A legal challenge has been launched today against the government’s capacity market, the policy designed to make sure the lights always stay on.
The challenge has been launched by Tempus Energy, a firm that aims to cut consumer energy bills by helping them use cheaper, off-peak power.
Tempus says consumers who would like to participate in the capacity market by managing their demand for energy are being discriminated against in favour of power stations that promise to be available during peaks in demand.
Tempus argues the capacity market will result in higher energy bills and subsidies to fossil fuel generators. It wants the capacity market annulled.
We take you through the basics of the capacity market, the next steps in the legal challenge and what the significance is for efforts to tackle climate change.
Electricity sector transformation
The way the UK generates electricity is undergoing a massive transformation as old coal and nuclear plants start to retire and large quantities of renewables are added to the system.
The government is committed to decarbonising the energy sector so renewables are going to make up an ever larger share of electricity supplies.
The amount of electricity generated by windfarms and solar panels is variable because it depends on the time of day and the weather. Broadly speaking there are two ways to manage this.
The first is to build plenty of gas-fired power plants which can be switched on quickly for relatively short periods when the wind drops or when demand peaks. This is a relatively straightforward solution, but unfortunately the profitability of gas-fired plant is being undermined by a combination of low coal prices, low carbon prices and the near-zero cost of producing power from existing renewable capacity.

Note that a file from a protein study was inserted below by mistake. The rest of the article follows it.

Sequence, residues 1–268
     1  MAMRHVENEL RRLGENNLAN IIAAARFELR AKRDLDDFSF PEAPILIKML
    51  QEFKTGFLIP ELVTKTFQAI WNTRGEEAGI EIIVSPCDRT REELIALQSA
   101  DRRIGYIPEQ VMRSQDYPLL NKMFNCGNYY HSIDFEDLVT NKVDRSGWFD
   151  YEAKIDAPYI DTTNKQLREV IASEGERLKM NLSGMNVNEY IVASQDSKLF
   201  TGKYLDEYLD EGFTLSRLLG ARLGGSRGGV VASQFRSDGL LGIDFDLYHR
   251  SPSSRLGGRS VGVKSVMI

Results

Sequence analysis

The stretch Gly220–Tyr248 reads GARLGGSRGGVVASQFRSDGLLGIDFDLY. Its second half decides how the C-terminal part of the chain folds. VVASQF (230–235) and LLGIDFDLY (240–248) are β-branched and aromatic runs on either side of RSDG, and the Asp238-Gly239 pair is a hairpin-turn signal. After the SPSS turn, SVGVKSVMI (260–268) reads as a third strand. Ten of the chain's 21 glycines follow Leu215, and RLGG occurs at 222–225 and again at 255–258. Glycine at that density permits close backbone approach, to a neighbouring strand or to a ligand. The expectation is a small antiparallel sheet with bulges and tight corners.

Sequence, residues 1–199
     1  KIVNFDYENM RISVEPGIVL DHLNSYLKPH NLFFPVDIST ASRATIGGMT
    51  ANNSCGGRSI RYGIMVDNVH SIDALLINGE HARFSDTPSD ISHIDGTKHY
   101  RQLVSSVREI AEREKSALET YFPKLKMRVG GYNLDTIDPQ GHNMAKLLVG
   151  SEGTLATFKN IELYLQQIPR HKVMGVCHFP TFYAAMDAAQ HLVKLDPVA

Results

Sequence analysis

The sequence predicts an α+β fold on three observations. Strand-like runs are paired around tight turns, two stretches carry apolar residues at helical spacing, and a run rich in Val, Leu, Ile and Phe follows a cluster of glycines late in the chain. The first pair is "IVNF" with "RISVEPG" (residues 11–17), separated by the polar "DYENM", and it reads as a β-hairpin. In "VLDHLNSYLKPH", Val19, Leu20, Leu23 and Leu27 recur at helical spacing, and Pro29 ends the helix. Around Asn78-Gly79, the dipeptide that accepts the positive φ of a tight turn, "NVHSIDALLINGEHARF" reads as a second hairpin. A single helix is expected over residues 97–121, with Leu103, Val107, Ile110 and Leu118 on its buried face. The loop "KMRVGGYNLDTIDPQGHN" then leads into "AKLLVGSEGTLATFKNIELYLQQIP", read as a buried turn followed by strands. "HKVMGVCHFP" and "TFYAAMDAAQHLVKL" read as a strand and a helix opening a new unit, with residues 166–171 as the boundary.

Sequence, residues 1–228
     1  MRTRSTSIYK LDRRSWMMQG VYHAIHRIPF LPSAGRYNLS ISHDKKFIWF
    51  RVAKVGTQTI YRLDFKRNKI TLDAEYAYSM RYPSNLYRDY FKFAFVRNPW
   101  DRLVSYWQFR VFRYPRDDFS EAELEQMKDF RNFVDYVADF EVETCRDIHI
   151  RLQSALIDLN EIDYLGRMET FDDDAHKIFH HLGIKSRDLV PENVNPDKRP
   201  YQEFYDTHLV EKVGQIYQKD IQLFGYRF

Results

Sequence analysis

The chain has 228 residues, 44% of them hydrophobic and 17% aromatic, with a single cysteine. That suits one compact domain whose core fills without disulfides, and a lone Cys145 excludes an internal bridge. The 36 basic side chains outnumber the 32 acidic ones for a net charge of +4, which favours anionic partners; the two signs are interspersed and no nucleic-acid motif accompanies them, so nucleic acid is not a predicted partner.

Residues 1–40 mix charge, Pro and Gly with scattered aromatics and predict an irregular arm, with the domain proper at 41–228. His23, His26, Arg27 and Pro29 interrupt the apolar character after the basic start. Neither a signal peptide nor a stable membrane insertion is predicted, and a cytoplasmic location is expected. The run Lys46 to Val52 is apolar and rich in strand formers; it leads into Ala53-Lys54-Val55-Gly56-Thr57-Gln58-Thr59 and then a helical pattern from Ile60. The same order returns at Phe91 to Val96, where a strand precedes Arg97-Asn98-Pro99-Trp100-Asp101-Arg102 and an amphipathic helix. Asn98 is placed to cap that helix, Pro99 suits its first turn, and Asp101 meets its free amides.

Making it profitable for power companies to build new gas capacity was the original aim of the the government’s capacity market, which will pay a retainer to capacity promising to be available during peaks in demand.
The second way to balance variable wind and solar output is to encourage electricity users to be more flexible in when they use energy through demand-side response, an approach favour by the International Energy Agency among others.
There are good arguments for encouraging consumers to be flexible instead of building new power plants. Marc Borrett, chief executive of demand-side response firm Reactive Technologies says a megawatt of demand side response is much cheaper to build than a megawatt of new plant.
While there may be costs associated with managing demand, like investing remote switching control equipment or variable speed electric motors that can ramp power up and down, DECC believes the costs for demand side response to be well below that needed for power plants.
As a result its capacity market will only offer short one year contracts to demand-side response participants. That’s compared to power plants that carry out retrofits to stay open, which can claim three year contracts, while new-build plants can claim 15 year deals.